“Have you ever heard of Epidamnus or Potidea?” is the question posed by Dabney Park, Jr. in his article “History’s Catch-22: The Peloponnesian War” from The History Teacher journal published in May of 1972.
The question is an apt one given the current geopolitical circumstances. The debate still rages over the past and ongoing actions in the Ukraine, whether one country’s interests apply or not, and upon this point Park’s implication is that we should take a more comprehensive view of Russia’s near-abroad:
Epidamnus was a tiny and in itself relatively insignificant island on the western coast of Greece, in what must surely have seemed like the “boonies” to the Athenians. There an internal struggle broke out about 435 B.C. between the democratic party and the aristocratic party. Both sides appealed for outside help. When the city of Corinth, along with her allies, came to the aid of the aristocats, and the city of Corcyra joined the conflict on the side of the democrats, a war began over Epidamnus which was far larger in scope than the civil quarrel which started it all. Corcyra won and took over Epidamnus before Athens and Sparta became involved in the struggle. But Corcyra was without allies, and in fear of Corinth she decided to join the Athenian alliance.
After some debate, Athens accepted Corcyra into the alliance. At this point, according to Thucydides, “the general belief was that, whatever happened, war with the Pelopennese was bound to come.” From here on, the domino theory seems to apply. In 432, Potidea, a Corinthian colony in Macedonia which was by now part of the Athenian Empire, tried to throw off the Athenian yoke. Corinth appealed to Sparta for help. Sparta insisted that Athens surrender her. When Athens refused, Sparta declared war, and virtually the entire Greek world was drawn into the conflict on one side or the other.
Regardless of the settled outcome of the Crimean fait accompli, or even the ongoing actions in eastern Ukraine, Park’s history does remind us that even conflicts upon the periphery matter. Lest we learn of the Corinthians made new in Thucydides’ history when they state: “For it began now to be felt that the coming of the Peloponnesian War was only a question of time….” (1.44)
…the true author of the subjugation of a people is not so much the immediate agent, as the power which permits it having the means to prevent it…
A fascinating theme of Thucydides’ timeless work is that power abhors a vacuum, and within this theme the Corinthians asserted that Spartan inaction encouraged Athens to commit further aggression:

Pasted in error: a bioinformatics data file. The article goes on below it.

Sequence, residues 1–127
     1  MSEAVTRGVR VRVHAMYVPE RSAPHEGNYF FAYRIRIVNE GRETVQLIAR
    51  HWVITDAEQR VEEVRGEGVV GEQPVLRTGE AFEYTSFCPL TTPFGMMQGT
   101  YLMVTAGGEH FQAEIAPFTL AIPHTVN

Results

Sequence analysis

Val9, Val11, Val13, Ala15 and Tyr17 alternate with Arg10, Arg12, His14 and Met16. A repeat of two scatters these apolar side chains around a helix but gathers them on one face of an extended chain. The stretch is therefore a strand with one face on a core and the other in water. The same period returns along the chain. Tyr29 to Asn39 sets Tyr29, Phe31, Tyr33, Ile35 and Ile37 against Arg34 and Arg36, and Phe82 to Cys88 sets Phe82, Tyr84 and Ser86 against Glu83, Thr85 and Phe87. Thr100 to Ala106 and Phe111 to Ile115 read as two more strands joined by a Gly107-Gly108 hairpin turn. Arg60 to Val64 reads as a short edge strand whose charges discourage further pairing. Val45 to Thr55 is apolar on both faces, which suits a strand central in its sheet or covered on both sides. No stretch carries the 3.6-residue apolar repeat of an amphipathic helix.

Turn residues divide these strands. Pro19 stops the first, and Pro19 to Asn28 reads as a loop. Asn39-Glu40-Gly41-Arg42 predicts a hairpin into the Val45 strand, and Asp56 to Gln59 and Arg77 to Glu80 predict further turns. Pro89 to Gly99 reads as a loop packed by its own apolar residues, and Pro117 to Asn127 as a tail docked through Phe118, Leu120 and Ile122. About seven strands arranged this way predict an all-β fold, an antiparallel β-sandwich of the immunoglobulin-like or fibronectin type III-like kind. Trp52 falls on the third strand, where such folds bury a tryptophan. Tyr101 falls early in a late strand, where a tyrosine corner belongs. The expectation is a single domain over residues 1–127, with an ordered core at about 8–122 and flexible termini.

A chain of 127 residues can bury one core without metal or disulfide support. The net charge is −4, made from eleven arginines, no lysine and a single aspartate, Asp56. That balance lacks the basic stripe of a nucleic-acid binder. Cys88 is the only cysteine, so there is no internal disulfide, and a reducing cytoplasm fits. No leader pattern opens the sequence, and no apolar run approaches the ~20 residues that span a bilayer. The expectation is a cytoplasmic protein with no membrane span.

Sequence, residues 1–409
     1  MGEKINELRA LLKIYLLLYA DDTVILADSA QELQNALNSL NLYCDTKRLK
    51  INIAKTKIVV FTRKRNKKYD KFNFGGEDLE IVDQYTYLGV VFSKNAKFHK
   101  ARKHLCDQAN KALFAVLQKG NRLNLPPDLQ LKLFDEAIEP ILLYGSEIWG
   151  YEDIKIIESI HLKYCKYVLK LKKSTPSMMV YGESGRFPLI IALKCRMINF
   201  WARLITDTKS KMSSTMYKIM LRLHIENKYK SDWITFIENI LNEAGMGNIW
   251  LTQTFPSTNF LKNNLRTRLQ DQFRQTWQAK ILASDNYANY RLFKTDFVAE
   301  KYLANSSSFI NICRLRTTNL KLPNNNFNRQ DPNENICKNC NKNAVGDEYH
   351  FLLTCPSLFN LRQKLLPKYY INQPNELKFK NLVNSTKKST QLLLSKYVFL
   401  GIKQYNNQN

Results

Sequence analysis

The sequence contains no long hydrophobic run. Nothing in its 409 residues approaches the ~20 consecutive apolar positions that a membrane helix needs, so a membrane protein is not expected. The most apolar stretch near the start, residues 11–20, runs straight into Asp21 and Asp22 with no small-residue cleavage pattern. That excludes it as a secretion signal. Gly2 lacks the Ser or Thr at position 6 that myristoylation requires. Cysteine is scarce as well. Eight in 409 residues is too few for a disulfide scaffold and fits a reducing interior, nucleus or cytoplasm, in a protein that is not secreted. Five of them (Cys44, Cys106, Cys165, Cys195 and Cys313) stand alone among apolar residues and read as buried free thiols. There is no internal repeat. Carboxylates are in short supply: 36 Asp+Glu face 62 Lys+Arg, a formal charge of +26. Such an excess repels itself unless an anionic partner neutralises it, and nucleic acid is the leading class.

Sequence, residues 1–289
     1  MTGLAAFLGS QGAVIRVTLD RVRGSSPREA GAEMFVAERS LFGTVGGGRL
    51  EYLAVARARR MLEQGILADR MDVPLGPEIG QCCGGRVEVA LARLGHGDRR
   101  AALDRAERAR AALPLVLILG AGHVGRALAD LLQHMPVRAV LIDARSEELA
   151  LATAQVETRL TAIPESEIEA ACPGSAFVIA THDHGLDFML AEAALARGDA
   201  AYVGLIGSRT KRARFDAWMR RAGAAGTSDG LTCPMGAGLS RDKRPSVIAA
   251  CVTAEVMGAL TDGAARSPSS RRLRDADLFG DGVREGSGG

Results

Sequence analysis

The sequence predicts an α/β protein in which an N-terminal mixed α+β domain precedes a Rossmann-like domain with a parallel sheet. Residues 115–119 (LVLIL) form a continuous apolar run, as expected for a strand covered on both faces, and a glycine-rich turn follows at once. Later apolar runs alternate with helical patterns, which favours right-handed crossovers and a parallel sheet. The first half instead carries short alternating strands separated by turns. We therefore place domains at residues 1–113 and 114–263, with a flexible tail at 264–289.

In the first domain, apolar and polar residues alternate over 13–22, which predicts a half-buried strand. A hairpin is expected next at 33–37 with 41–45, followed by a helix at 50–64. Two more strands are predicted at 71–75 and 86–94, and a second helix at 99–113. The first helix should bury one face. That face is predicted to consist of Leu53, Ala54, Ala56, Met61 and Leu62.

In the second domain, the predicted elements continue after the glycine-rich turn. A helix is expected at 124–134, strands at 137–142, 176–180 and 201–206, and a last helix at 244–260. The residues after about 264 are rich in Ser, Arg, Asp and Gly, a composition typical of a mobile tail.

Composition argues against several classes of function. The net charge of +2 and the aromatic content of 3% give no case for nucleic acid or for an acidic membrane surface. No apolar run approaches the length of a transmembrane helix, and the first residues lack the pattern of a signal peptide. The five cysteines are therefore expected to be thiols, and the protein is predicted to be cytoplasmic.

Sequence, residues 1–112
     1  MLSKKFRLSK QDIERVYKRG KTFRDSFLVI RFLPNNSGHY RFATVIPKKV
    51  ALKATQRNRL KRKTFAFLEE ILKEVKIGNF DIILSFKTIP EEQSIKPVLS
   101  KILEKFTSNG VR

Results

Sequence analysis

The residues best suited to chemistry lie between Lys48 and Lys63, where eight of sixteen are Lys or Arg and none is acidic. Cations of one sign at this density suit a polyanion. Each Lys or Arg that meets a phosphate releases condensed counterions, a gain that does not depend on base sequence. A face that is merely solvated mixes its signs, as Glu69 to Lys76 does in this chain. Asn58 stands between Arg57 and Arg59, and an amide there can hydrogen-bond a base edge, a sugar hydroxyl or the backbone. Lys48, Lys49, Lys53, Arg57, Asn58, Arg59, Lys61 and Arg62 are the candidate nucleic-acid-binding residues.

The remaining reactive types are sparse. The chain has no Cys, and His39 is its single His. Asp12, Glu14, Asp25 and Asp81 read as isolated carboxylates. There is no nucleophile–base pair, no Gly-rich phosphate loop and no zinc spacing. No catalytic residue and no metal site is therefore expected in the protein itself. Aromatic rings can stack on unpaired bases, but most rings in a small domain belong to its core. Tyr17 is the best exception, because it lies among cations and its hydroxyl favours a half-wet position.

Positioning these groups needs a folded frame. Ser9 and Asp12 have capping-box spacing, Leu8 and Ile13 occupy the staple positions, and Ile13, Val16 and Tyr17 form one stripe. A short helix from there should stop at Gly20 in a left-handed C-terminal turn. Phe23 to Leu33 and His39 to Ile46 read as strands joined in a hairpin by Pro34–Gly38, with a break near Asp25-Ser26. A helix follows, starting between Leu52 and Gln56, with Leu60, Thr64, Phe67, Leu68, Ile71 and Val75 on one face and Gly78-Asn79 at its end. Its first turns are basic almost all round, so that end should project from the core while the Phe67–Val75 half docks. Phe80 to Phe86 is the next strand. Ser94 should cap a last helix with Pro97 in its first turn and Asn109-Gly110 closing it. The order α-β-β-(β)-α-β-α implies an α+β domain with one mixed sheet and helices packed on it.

For the true author of the subjugation of a people is not so much the immediate agent, as the power which permits it having the means to prevent it…. For aggressors with matured plans to oppose to our indecision have cast threats aside and betaken themselves to action. And we know what are the paths by which Athenian aggression travels, and how insidious is its progress. A degree of confidence she may feel from the idea that your bluntness of perception prevents your noticing her; but it is nothing to the impulse which her advance will receive from the knowledge that you see, but do not care to interfere…. (1.69)
In what follows, the Corinthians describe the relatively aggressive and pragmatic character of the Athenian people as compared to the passive and cautious nature of the Peloponnese. Thucydides concludes their speech with this compelling narrative:
Such is Athens, your antagonist. And yet, Spartans, you still delay, and fail to see that peace stays longest with those who are not more careful to use their power justly than to show their determination not to submit to injustice. On the contrary, your ideal of fair dealing is based on the principle that if you do not injure others, you need not risk your own fortunes in preventing others from injuring you…. (1.71)
One does not intend here to attempt pithy conclusions as to who is playing Athens and who is playing Sparta in the modern geopolitical game in Eastern Europe. That is the concern of the Catch-22 addressed by Park, which I commend to you. But another question worth considering in this matter is, regardless of your geopolitical worldview, who is playing the parts of Corinth and Corcyra? And should we be more weary of the periphery?
So again, this author asks: Have you ever heard of Epidamnus or Potidea? (One of these days, the historian of World War III might ask: “Have you ever heard of Simferopol or Mariupol?”)
Rich Ganske is a U.S. Air Force officer and an editor for The Bridge. The opinions expressed here are his own and do not reflect the official position of the U.S. Air Force, the Department of Defense, or the U.S. Government.
Have a response or an idea for your own article? Follow the logo below, and you too can contribute to The Bridge:
Enjoy what you just read? Please help spread the word to new readers by sharing it on social media
References are taken from The Landmark Thucydides: A Comprehensive Guide to the Peloponnesian War, Robert Strassler (ed.), New York, NY: Touchstone, 1998. For generality, each refers to Book and Chapter rather than page number.